1. On the reference host, generate a new code integrity policy. The following commands create a policy at the FilePublisher level with fallback to Hash. It then converts the XML file to the binary file format Windows and HGS need to apply and measure the CI policy, respectively.

    New-CIPolicy -Level FilePublisher -Fallback Hash -FilePath 'C:\temp\HW1CodeIntegrity.xml' -UserPEs
    
    ConvertFrom-CIPolicy -XmlFilePath 'C:\temp\HW1CodeIntegrity.xml' -BinaryFilePath 'C:\temp\HW1CodeIntegrity.p7b'
    

    Note  The above command creates a CI policy in audit mode only. It will not block unauthorized binaries from running on the host. You should only use enforced policies in production.

  2. Keep your Code Integrity policy file (XML file) where you can easily find it. You will need to edit this file later to enforce the CI policy or merge in changes from future updates made to the system.

  3. Apply the CI policy to your reference host:

    1. Copy the binary CI policy file (HW1CodeIntegrity.p7b) to the following location on your reference host (the filename must exactly match):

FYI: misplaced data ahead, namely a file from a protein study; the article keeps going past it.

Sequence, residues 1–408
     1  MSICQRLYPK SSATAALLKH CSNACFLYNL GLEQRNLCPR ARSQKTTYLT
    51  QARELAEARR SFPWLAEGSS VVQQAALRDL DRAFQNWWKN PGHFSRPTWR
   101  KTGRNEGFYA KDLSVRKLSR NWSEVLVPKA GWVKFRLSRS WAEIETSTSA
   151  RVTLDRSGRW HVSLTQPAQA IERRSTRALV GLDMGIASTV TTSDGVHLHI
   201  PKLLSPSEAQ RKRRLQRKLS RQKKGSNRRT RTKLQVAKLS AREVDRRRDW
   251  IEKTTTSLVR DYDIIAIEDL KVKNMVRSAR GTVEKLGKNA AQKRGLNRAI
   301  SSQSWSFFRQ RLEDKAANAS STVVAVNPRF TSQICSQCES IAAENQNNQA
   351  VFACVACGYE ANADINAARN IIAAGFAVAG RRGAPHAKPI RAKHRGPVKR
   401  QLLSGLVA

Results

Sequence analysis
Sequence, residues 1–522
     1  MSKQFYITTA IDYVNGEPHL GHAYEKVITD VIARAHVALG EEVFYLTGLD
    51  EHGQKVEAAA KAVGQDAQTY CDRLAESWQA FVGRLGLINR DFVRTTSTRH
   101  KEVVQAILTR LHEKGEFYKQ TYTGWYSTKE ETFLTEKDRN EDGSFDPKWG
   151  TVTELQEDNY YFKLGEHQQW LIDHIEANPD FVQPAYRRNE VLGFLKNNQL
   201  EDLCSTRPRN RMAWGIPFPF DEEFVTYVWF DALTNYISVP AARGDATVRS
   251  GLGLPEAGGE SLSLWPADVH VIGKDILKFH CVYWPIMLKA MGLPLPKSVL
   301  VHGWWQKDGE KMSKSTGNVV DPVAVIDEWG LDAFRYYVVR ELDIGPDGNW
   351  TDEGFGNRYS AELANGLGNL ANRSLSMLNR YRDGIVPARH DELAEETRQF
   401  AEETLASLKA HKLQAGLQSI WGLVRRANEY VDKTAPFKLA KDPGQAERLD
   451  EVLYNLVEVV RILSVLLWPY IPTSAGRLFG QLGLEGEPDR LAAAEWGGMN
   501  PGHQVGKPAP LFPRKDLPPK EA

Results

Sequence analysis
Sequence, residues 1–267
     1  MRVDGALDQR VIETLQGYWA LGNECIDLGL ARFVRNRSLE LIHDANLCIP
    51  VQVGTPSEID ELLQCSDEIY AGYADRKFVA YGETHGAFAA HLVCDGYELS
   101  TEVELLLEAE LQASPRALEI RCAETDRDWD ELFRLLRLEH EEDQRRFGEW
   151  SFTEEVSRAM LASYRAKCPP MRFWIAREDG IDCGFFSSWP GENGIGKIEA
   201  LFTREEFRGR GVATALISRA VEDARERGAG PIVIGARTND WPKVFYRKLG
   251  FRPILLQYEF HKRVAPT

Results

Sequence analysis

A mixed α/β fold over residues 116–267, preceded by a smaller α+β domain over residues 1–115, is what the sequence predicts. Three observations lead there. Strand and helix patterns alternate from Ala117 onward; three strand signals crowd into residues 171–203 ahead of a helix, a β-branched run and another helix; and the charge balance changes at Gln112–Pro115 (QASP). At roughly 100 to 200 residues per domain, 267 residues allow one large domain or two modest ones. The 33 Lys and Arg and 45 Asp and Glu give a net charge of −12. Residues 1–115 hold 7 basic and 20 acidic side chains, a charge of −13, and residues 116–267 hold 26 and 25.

C:\Windows\System32\CodeIntegrity\SIPolicy.p7b

    2. Restart the host to apply the policy.

  4. Test the code integrity policy by running a typical workload. This may include running VMs, any fabric management agents, backup agents, or troubleshooting tools on the machine. Check if there are any code integrity violations and update your CI policy if necessary.

  5. Change your CI policy to enforced mode by running the following commands against your updated CI policy XML file.

    Set-RuleOption -FilePath 'C:\temp\HW1CodeIntegrity.xml' -Option 3 -Delete
    
    ConvertFrom-CIPolicy -XmlFilePath 'C:\temp\HW1CodeIntegrity.xml' -BinaryFilePath 'C:\temp\HW1CodeIntegrity_enforced.p7b'
    
  6. Apply the CI policy to all of your hosts (with identical hardware and software configuration) using the following commands:

    Copy-Item -Path '<Path to HW1CodeIntegrity\_enforced.p7b>' -Destination 'C:\Windows\System32\CodeIntegrity\SIPolicy.p7b'
    
    Restart-Computer
    

    Note  Be careful when applying CI policies to hosts and when updating any software on these machines. Any kernel mode drivers that are non-compliant with the CI Policy may prevent the machine from starting up. For best practices regarding CI policies, see Planning and getting started on the Device Guard deployment process and Deploy Device Guard: deploy code integrity policies.

  7. Provide the binary file (in this example, HW1CodeIntegrity_enforced.p7b) to the HGS administrator, who can register the CI policy with HGS.

Capture the TPM baseline for each unique class of hardware

A TPM baseline is required for each unique class of hardware in your datacenter fabric. Use a "reference host" again.

  1. On the reference host, make sure that the Hyper-V role and the Host Guardian Hyper-V Support feature are installed.